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Publications by Urban Institute for Health Policy Center
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The Urban Institute's Health Microsimulation Capabilities (Document)
The Health Insurance Policy Simulation Model (HIPSM) is a detailed microsimulation model of the health care system. It estimates the cost and coverage effects of proposed health care policy options and is designed for quick-turn around analysis of policy proposals—from novel health insurance offerings and strategies for increasing affordability to state-specific-proposals. This document provides an overview of HIPSM, describes the type of policies it can examine and studies that have used the model, and point to potential future studies that the model makes possible, including analyses of options left open to states after health reform.
ER for the ER (Radio Transcript)
Urban Institute, Barbara A. Ormond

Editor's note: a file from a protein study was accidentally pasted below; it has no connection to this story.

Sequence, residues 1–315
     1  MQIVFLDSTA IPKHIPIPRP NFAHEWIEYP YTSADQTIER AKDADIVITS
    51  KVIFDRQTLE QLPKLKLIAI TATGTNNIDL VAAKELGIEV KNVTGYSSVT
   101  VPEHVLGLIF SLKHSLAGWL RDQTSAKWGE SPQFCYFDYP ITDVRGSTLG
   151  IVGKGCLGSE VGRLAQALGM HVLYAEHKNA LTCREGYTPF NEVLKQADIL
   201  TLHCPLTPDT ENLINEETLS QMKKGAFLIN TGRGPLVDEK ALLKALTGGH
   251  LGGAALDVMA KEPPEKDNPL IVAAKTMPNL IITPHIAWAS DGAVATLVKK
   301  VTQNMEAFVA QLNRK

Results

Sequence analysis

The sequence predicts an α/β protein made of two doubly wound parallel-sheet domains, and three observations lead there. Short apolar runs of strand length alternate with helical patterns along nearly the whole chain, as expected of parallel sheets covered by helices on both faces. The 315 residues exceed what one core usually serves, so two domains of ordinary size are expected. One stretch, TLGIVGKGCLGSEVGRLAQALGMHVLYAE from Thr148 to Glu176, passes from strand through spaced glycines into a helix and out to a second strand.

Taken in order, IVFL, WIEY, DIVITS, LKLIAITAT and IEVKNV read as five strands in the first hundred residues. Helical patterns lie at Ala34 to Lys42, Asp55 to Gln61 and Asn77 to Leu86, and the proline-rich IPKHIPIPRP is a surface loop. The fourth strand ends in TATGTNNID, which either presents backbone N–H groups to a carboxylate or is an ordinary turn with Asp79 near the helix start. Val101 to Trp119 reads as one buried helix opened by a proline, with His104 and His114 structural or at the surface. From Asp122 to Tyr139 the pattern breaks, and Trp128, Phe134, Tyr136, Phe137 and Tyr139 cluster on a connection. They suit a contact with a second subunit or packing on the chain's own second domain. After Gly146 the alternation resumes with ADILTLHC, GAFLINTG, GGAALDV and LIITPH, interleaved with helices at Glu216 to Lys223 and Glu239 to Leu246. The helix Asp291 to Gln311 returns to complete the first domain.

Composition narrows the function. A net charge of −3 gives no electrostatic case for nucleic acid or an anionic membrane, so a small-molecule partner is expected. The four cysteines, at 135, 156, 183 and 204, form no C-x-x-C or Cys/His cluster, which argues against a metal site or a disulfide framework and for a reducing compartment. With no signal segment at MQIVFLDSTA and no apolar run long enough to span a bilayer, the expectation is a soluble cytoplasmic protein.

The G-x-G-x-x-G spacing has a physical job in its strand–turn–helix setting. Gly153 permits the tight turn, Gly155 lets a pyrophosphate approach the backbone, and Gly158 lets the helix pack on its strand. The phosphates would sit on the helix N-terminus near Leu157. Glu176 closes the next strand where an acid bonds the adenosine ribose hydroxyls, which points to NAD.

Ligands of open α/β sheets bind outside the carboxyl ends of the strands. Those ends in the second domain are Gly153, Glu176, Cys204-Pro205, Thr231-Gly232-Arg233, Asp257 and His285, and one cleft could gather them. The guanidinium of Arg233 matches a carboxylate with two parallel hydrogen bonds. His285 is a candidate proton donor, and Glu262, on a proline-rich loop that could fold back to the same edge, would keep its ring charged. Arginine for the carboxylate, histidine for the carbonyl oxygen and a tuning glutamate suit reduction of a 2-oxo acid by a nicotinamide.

Institute researcher Barbara Ormond discusses the crisis facing emergenct room care in many urban areas—with Dr. Charles Cutler, chief medical officer for the American Association of Health Plans, Dr. Mohammad Akhter, executive director of the American Public Health Association, and Dr. Michelle Grant Ervin, chair of the department of emergency medicine at Howard University Hospital. Hosted by Kojo Nnamdi.
Keys To Successful Immigration: Implications Of The New Jersey Experience (Press Release)
At a time when the fiscal, social, and political impacts of immigration on states have grown increasingly controversial, New Jersey is managing a successful transition for its newest arrivals. Their success story--the factors contributing to it and the implications for the nation's immigration policy-- are the focus of a new Urban Institute Press book, Keys to Successful Immigration: Implications of the New Jersey Experience, edited by Thomas J. Espenshade, professor of sociology and faculty associate of the Office of Population Research at Princeton University. The book offers one of the first comprehensive examinations of the implications of national immigration policy at the state and county levels and suggests ways to refine immigration and other policies to improve the reception that U.S. immigrants receive nationwide.